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Compare two virtually identical spec'd laptops? HP vs Lenovo

Last response: in Laptops & Notebooks
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May 24, 2012 11:29:01 AM

My previous thread, probably tldr, and maybe mislabeled as "exact answer", got no love. Trying again with a HUGE narrow-down of my options. I think I want one of these two computers:

http://www.microcenter.com/single_product_results.phtml...

http://www.bestbuy.com/site/Lenovo+-+15.6%26%2334%3B+La...

If you look at the specs they are very, very similar. Same processor, RAM, screen resolution, integrated graphics, networking, HDD, DVDRW, 4 USBs, HDMI, VGA...like I said, very similar.

The main difference seems to be that the HP is 1. built sturdier but 2. has a matte anti-glare display that a large number of reviewers complain about, due to "washed out" colors and "low contrast".

Now, I want to be able to watch movies, and apparently the lenovo has a good display? But I can't find any professional reviews on it with specs.

Specs on HP display:

Gossen Mavo-Monitor
Maximum: 197 cd/m²
Average: 186 cd/m²
Brightness Distribution: 87 %
Center on Battery: 158 cd/m²
Black: 1.09 cd/m²
Contrast: 176:1

Anyway, please take a look at these two computers and give me absolutely any input that you have! I would greatly appreciate it. :-)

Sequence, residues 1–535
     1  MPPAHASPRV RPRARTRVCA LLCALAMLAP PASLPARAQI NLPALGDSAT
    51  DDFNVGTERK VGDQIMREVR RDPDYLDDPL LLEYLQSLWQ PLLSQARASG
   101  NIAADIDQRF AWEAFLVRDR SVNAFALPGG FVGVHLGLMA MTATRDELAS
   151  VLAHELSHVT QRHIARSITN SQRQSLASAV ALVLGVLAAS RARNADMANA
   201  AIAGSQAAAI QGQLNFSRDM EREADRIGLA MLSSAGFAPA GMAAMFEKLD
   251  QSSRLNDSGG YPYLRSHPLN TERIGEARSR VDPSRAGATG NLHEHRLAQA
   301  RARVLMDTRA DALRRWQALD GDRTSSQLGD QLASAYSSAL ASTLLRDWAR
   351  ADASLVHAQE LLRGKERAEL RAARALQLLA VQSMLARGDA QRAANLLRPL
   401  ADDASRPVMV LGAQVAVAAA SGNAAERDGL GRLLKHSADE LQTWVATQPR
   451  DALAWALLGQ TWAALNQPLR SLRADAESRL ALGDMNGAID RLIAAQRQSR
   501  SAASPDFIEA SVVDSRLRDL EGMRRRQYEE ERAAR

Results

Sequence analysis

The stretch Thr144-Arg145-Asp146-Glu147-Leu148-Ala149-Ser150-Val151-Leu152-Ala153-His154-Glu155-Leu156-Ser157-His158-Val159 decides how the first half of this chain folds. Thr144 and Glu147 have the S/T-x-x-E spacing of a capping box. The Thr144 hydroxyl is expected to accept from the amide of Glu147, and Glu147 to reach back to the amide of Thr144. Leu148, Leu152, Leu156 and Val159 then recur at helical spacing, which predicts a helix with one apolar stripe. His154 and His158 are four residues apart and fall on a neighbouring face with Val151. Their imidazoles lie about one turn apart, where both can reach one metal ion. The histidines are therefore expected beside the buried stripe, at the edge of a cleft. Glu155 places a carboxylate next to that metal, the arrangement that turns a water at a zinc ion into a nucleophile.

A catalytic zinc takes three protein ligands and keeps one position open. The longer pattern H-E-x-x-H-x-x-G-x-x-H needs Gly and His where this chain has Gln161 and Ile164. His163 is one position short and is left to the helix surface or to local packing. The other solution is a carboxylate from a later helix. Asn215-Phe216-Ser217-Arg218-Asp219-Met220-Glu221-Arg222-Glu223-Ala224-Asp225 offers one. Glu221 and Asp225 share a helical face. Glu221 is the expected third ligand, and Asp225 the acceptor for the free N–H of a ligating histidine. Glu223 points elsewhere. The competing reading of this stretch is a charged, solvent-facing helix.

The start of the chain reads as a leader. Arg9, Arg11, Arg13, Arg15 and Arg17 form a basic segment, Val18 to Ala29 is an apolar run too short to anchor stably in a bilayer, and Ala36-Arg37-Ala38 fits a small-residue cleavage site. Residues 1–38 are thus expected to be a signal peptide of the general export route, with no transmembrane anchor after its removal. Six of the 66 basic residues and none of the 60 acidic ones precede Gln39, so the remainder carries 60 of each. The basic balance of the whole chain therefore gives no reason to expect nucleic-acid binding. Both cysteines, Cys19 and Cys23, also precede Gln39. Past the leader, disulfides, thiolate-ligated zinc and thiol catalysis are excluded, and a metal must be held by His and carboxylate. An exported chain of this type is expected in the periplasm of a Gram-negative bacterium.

a b D Laptop
May 24, 2012 11:38:41 AM

>HP is 1. built sturdier

HAHAHAHHAHAHAHAHHA

OMG that's funny

HP is known for making shitty laptops that have a failure rate 33-50% higher than the rest of the industry. Go with the Lenovo
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a b D Laptop
May 24, 2012 12:19:02 PM

Laptops having a metal frame and plastic case is usually a red flag. Metal absorbs energy by deforming, thin Aluminium in particular is easy to dent and unlike most carbon fibre frames it will not bounce back. It also has a high thermal coefficient which means that it's going to get as hot as the rest of the PC regardless of how well its cooled. There's a reason why heatsinks use aluminium and copper as their primary heat spreading materials.

That review actually raises a lot of red flags:

>The manufacturing quality leaves a solid impression, and we were also not able to find any shortcomings when looking in detail. On the other hand the case is primarily composed of simple plastic, which is not very robust in comparison

Which is it? Is it robust or is it not? Having the part of the laptop most likely to be met with damaging force be made of the weakest material is not good at all.

>Even localized pressure doesn't lead to any significant bending. Merely the mesh grid above the keyboard is a bit soft, and dents quite easily.

So the part that you're going to be looking at the most is the part that gets damaged the most easily

>The display lid can be bent considerably, whereby the aluminum surface keeps this within limits, and thus prevents possible damage to the display

This doesn't even make any sense. Display panels aren't meant to be bent at all. Perhaps I'm reading the review incorrectly but this seems like it could be really bad